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Now we have the means of making a group based on our GIT branch name (Release name), and we have the code to take Staging Tasks and assign them to a group programmatically, we have another hurdle to jump.

Issue 3: Getting Staging Tasks Generated from CI Restore

The next issue stems from how the ContinuousIntegration.exe works. This command does not leverage the Kentico site at all, it operations directly in the Database, which means we also don't have the capability of adding these tasks to a Staging Task Group as they are created. So how do we know what tasks should be added to the Release Staging Task Group, and which should not?

One way is to look for tasks that are created when the site is off. It is recommended you turn off your Kentico instance before running CIRestore, and then turn it back on after, thus if we put a timestamp on when the application turns off, and when it turns on, any staging tasks generated in between that would be ones generated from Continuous Integration. And since Kentico already logs the ENDAPP and STARTAPP, we can simply look for tasks with this where condition:

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Now our code will look like this:

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Issue 4: Relationships Extended

Special Consideration may need to be taken if you are using my Relationships Extended module or you modify Staging Tasks through the StagingEvent hooks, since by default Continuous Integration does not trigger these items.

What has to happen is we need to regenerate the Staging tasks programmatically so any special processing on them can occur. This took a little bit of extra coding, but I was able to finally get it all to operate pretty flawlessly using a the SynchronizationHelper.LogObjectChange and DocumentSynchronizationHelper.LogDocumentChange (coupled with an extra hook to add to the group afterwards, as the TaskGroups wasn't working properly on my Kentico 10 test instance).

This code is in the Code Sample provided at the beginning of this task, I'll save you from seeing the lengthy bit of code to handle this.

Extra Feature: Automatic Staging Push

This final feature I don't have coded out yet, but in an ideal world when you push your release to the next environment, the system would be able to automatically pull up the Staging tasks for that release. Since all the tasks exists in a Staging Task Group by the release name, if you wanted to fully automate this, this is what you would do:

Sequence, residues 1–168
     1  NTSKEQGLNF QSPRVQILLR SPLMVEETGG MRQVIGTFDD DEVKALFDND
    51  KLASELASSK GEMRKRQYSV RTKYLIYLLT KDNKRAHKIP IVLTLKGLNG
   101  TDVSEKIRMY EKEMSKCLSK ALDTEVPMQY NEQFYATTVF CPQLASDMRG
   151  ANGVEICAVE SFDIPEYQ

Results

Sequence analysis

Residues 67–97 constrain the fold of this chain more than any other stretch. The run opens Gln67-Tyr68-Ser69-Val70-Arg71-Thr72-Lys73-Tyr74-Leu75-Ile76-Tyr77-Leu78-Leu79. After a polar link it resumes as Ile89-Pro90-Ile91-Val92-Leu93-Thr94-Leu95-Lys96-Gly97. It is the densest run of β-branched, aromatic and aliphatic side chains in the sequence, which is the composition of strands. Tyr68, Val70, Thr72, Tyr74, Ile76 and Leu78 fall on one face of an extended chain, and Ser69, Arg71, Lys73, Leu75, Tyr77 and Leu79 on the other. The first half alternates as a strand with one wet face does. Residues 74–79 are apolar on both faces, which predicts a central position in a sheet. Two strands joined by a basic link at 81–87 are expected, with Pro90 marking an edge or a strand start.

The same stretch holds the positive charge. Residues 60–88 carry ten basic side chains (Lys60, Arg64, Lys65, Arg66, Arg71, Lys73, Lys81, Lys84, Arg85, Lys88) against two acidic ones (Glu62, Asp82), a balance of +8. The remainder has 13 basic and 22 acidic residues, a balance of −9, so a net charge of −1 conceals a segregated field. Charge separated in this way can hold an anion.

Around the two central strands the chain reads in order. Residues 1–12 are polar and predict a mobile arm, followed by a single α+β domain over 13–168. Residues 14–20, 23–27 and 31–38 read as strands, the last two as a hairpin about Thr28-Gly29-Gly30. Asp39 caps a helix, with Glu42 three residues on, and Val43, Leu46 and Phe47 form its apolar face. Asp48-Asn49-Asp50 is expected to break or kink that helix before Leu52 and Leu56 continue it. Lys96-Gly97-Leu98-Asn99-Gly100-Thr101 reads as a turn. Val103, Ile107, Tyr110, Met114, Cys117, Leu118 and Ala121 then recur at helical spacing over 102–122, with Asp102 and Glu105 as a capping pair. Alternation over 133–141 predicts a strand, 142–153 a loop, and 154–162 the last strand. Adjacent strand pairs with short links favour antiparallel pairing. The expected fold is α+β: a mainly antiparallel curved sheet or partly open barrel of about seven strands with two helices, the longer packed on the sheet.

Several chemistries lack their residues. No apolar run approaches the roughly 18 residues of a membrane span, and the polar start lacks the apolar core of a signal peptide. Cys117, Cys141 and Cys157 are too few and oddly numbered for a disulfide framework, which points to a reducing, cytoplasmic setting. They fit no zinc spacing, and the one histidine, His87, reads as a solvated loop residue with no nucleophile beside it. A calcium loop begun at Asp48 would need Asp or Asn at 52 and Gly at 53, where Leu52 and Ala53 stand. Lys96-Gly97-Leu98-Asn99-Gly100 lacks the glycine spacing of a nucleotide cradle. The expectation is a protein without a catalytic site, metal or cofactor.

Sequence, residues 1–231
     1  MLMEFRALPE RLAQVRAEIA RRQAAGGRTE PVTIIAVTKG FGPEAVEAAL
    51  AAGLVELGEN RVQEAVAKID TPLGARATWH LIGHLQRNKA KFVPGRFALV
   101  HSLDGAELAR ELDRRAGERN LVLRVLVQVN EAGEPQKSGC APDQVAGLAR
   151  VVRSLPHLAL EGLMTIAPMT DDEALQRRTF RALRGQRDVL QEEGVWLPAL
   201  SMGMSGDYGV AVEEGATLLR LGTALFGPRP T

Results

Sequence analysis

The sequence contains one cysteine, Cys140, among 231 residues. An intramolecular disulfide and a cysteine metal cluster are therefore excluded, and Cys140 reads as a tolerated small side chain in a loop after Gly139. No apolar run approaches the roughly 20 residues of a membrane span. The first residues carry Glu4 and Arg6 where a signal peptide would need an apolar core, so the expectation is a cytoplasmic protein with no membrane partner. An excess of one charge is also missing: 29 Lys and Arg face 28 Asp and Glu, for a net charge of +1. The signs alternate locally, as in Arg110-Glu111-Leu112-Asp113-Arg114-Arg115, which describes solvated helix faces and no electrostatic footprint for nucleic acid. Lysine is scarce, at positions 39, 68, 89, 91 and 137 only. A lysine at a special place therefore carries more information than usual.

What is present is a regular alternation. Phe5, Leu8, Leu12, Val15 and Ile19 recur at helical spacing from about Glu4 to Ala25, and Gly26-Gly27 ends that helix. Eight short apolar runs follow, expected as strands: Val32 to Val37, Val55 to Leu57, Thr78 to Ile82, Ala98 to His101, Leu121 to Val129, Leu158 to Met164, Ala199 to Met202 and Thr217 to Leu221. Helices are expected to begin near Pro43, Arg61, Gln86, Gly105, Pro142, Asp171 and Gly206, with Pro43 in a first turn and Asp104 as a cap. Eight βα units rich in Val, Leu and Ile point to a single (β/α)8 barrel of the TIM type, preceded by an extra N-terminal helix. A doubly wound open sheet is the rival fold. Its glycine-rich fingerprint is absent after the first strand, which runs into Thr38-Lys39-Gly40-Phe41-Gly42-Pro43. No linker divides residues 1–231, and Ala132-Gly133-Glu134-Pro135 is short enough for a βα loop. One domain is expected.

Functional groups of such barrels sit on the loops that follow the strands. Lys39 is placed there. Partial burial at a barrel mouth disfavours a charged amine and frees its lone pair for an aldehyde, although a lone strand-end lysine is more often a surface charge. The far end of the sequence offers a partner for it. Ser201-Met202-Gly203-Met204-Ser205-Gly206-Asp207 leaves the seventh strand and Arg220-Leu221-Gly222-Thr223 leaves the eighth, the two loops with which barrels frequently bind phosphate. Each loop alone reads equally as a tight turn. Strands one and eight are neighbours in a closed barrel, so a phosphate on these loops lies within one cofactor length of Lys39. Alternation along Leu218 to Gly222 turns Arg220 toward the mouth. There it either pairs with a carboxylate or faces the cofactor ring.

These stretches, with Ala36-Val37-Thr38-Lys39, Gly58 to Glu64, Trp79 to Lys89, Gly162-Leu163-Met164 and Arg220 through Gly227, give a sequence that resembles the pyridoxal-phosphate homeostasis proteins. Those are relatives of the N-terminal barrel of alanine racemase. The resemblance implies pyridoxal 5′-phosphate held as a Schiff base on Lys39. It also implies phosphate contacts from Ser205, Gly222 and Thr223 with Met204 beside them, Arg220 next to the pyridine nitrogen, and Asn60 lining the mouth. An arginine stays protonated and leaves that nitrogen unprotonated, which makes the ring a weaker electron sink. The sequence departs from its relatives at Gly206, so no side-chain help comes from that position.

1. Add AppSettings keys that identify the URL of the "Downstream" site. For instance, if you have a QA, Staging, and Production sites, Staging would have the Url of the QA site and Production would have the Url of the staging site.
  2. Add AppSettings keys that identify the Url of the "Upstream" staging server codename. For instance, if you have a QA, Staging, and Production, QA would have the staging server codename of the Staging Site, and Staging would have the staging server codename of the production site.
  3. Add a page that accepts a Release Name, and when hit will push the tasks with the Task Group Name matching the ReleaseName up to the Upstream staging servers.
  4. Add a page that accepts the Release Name, that when triggered will look to it's Downstream Urls and hit the #3 Page's Url with the release name.
  5. Adjust your release push operation that once the code is pushed, it will hit the page in #4 with the release name, this will trigger it to call the page in #3 on it's downstream sites, which that site will then push all the staging tasks for that release up to the site your release was just pushed to.

Eventually i plan on including this logic in the CI Helper module, but that may not be for a while yet.


With these elements in place, now you should be able to use Continuous Integration for your development environment, and once all your features are tested and ready for a release, you should be able to create your release branch and pull that into your Pre-Staging environment that has Staging and Continuous Integration turned on. Create a powershell that turns the application off, does a GIT Pull, runs Continuous Integration's restore, then turn the site back on, the code will then automatically handle taking all the tasks generated and putting them on the right Staging Task Group, which when you deploy to the next environment, you can push your staging tasks by Group Name along with it. Here's the powershell/bat for after the pull from GIT:


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Final Thoughts

Thanks for sticking with me through another lengthy article.  Hopefully this will help other developers and firms handle pushing code changes easier.  If you have questions on this or other ideas, don't forget to send me a message!